Dear Dr. Don,
I have consulted Bankrate for many years before purchasing my CDs and investing in money market accounts. My question is: Why do banks that show a four-star rating when I buy a CD with them have a two- or three-star rating the next time I’m looking to invest? What does that mean for the CD I’ve already purchased?
— Lois Latitude
Thank you for using Bankrate as your consultant in making your investment decisions. The star rating for banks and credit unions is a graphic representation of a financial institution’s capital adequacy, asset quality, profitability and liquidity as measured by Bankrate’s Safe & Sound ratings. The following table shows how the star rating compares to Bankrate’s Safe & Sound rating.
Beyond finding your financial institution’s Safe & Sound ratings on Bankrate, you can also get a financial memorandum and/or its most recent financial statements from the financial institution.
Ratings are updated quarterly. You wouldn’t expect wide swings in ratings from quarter to quarter, but the ratings are based on the bank’s financials and they will fluctuate over time. Banks that are paying high rates on deposits may be on shakier financial ground than banks that don’t have to troll for depositors. If you’ve been chasing yields, then that could explain why you’re seeing rating changes.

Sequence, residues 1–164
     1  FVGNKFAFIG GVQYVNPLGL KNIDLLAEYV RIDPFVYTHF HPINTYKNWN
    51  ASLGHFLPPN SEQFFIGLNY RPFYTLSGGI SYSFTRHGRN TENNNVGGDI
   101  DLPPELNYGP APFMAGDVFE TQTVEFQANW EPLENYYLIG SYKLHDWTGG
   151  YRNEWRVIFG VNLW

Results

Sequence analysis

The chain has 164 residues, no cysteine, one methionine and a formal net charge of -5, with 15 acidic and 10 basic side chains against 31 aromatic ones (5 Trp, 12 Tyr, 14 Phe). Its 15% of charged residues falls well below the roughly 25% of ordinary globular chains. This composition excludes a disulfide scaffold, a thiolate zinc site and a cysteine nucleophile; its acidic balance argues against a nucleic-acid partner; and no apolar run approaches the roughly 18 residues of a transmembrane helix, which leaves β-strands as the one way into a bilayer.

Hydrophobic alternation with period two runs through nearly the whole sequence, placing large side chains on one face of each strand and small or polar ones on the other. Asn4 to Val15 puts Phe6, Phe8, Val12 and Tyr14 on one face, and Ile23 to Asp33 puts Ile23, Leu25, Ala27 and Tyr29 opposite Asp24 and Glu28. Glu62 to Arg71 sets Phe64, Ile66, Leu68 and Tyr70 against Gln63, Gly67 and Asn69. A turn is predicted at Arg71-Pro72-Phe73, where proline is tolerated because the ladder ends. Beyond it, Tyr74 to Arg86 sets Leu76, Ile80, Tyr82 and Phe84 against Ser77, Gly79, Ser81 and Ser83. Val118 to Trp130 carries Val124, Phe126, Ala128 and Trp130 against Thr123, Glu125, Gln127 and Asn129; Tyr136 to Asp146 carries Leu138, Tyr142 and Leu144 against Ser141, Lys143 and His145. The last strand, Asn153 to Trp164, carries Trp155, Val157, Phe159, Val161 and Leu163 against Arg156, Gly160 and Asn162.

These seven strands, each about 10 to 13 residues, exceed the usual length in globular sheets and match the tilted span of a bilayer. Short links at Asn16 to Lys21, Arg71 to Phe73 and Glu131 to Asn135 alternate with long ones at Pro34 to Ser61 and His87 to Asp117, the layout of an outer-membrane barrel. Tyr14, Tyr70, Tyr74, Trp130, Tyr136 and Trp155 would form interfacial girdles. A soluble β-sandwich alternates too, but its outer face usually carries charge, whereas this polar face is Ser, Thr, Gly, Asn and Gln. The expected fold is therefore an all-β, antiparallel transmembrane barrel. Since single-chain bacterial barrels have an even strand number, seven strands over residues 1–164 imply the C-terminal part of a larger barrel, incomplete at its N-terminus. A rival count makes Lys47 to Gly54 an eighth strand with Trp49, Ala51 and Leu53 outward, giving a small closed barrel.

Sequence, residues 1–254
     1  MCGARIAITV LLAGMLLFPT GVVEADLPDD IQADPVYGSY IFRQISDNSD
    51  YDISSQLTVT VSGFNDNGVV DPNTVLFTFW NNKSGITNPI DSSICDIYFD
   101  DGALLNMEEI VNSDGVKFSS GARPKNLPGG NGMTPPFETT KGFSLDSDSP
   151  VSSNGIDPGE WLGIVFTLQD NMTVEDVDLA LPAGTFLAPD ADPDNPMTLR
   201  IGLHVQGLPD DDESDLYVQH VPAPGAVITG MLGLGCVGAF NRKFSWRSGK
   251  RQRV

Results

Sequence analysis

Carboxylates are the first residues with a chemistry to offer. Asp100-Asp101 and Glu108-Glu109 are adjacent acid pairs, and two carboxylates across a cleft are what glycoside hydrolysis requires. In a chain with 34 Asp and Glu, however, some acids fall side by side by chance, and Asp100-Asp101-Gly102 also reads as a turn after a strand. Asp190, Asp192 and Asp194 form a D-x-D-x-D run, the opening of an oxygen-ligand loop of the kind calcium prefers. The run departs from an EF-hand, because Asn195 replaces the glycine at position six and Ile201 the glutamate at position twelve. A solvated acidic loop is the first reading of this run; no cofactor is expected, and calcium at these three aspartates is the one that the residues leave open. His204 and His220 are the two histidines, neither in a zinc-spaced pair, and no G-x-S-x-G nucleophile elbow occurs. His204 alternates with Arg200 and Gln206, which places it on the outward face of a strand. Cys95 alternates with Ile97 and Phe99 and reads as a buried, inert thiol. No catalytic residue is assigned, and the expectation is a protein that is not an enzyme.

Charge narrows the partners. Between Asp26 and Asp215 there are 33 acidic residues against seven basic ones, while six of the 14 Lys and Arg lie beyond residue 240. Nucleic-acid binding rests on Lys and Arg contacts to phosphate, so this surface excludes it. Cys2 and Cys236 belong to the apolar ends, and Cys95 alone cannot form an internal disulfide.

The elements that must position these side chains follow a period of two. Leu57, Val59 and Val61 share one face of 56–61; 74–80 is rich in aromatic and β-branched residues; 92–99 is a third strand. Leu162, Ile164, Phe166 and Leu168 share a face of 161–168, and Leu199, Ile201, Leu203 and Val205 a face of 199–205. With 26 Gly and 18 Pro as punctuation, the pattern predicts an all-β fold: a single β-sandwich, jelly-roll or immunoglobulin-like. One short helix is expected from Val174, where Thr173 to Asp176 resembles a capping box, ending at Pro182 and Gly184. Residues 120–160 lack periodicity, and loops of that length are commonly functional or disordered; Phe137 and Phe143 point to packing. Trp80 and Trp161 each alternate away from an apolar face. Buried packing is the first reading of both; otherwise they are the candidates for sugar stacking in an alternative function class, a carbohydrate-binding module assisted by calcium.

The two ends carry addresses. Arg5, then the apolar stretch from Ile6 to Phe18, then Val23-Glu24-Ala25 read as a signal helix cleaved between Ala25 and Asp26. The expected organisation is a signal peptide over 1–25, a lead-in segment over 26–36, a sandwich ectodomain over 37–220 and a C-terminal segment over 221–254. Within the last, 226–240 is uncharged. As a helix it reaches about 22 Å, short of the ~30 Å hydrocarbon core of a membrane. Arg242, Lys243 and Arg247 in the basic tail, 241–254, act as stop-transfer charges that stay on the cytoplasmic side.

If you invested in a CD with a four-star bank and the bank is now a two-star bank, then your CD suffered, too. In an insured deposit account there’s nothing to worry about with this change in rating. Insured deposits have the full faith and credit backing of the United States government. There would, however, be a price impact in a negotiable, jumbo CD that is over the FDIC insurance limit of $250,000.
To ask a question of Dr. Don, go to the “Ask the Experts” page, and select one of these topics: “Financing a home,” “Saving & investing” or “money.”